$1,000 beer club a product of outdated investor laws

Kickstarter is an online resource for big ideas to receive potentially big donations for big results. Many of them allow you to donate money to a start-up in exchange for something like a shirt, but in Minnesota, these businesses cannot offer you a stake in their business. That's a huge hurdle in using the internet to raise money, but a proposed law could change that.

Zac Carpenter and Joe Giambruno are building a brewery called Bad Weather, which was inspired by Minnesota's bad (and sometimes good) weather.

Minnesota's business climate is not so inspirational. To raise money beyond their friends and family, Bad Weather had to be creative and started a very expensive beer club. A prospective member can pay them $1,000. Lots of prizes and two beers per visit in perpetuity, all in the name of raising money.

Bauhaus Brew Labs, another local brewery started a Kickstarter campaign is accepting money in exchange for steins or shirts, but won't be giving donors a share in the business. They can't.

Enter Ryan Schildkraut. He's sort of a beer barrister, a lawyer representing many Twin Cities breweries.

"You're allowed to go talk to your friends your family, ask them if they want to invest. But to outside people you're not allowed to advertise," he said.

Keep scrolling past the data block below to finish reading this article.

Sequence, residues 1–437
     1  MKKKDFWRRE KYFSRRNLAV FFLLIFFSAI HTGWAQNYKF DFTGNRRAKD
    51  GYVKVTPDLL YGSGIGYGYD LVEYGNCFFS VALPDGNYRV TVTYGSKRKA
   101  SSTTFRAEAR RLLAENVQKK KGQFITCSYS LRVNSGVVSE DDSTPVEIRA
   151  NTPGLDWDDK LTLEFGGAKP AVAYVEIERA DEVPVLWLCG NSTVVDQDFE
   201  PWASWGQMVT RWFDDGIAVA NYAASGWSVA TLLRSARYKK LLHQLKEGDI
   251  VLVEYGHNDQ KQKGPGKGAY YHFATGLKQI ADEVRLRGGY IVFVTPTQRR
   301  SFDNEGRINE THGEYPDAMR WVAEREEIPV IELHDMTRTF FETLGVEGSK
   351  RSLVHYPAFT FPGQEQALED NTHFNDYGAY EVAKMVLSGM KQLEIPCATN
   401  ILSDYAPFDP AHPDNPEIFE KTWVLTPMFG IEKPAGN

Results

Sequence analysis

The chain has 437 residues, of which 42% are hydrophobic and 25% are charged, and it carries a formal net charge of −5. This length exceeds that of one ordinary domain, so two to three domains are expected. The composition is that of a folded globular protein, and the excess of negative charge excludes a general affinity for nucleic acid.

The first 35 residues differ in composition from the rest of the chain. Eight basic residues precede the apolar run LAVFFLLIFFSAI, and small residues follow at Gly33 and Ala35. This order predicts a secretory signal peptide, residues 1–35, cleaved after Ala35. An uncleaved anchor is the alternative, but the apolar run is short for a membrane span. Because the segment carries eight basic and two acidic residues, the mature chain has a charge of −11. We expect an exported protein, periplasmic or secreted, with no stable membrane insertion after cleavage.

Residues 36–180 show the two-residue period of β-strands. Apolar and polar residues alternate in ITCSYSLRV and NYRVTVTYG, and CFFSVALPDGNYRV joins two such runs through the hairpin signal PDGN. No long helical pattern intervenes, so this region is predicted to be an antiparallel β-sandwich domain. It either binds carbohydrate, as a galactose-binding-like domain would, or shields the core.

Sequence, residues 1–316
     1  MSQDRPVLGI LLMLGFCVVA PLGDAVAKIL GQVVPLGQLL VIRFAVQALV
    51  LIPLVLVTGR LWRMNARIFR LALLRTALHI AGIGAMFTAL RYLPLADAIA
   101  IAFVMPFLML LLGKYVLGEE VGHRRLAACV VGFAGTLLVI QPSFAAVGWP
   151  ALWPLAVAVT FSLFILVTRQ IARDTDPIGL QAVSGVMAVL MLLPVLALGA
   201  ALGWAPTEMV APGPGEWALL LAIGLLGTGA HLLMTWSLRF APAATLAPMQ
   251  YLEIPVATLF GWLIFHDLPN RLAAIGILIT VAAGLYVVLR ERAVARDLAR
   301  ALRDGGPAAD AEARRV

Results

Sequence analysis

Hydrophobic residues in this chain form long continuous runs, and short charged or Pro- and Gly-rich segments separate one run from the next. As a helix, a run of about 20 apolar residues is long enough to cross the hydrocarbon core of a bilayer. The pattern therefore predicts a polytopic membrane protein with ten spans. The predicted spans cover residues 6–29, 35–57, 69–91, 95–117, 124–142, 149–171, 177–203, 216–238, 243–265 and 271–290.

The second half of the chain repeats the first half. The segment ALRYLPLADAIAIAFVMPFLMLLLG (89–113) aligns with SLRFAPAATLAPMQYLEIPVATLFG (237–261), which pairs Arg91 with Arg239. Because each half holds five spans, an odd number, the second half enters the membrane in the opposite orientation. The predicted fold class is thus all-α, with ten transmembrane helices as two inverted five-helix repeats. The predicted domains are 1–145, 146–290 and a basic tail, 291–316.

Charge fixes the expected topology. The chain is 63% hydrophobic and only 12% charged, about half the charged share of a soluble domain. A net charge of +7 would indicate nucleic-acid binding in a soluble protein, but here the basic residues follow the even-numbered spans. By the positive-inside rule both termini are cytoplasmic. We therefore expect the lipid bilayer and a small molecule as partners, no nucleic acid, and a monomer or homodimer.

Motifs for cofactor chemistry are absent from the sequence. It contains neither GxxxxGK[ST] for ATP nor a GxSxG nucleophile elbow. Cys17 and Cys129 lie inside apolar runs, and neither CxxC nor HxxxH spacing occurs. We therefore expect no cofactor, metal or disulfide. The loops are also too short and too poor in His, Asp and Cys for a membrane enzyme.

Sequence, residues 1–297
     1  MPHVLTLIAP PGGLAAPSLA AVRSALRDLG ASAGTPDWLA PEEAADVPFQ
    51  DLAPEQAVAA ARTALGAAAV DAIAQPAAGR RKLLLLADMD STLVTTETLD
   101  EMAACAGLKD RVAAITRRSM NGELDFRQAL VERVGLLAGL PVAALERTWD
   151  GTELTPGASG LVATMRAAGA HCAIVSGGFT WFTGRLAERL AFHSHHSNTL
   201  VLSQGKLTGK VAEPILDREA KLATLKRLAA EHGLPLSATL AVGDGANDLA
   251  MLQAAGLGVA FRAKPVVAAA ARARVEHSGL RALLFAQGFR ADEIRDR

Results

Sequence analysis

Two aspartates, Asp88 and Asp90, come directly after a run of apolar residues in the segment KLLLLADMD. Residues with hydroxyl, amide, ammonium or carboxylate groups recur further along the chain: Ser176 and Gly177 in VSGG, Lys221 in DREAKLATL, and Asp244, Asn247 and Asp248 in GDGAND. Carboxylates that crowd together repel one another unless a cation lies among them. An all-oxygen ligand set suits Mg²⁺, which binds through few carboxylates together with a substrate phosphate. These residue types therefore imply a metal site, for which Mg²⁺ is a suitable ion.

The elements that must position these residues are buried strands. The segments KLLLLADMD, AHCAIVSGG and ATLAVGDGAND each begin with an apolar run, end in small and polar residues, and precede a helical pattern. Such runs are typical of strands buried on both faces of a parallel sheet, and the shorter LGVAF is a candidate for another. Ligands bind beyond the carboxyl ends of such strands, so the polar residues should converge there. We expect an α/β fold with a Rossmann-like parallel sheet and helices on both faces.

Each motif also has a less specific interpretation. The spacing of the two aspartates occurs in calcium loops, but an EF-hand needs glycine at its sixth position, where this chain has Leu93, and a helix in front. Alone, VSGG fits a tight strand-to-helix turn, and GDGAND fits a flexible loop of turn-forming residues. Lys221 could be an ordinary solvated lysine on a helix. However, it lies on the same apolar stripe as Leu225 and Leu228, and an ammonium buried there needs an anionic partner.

Schildkraut and Zach Robins are the two Winthrop and Weinstine attorneys pushing for a law they call MNvest, which would allow businesses to advertise for investors.

"It allows small businesses based in Minnesota to use the internet to connect with other Minnesotans who may want to be investors," he said. "With MNvest, what we're doing is taking those donors and converting them to owners."

Bad Weather hopes to have the brewery and tap room open this July, and perhaps with a better Minnesota business climate to inspire them.

The Bad Weather founders said MNvest would have allowed them to start building their St. Paul brewery about six months earlier. The bill has been introduced in the state House and Senate, and has bi-partisan support. Fifteen states have similar laws on the books, and another 15 are considering it.

Learn more about the bill at http://www.mnvest.org 

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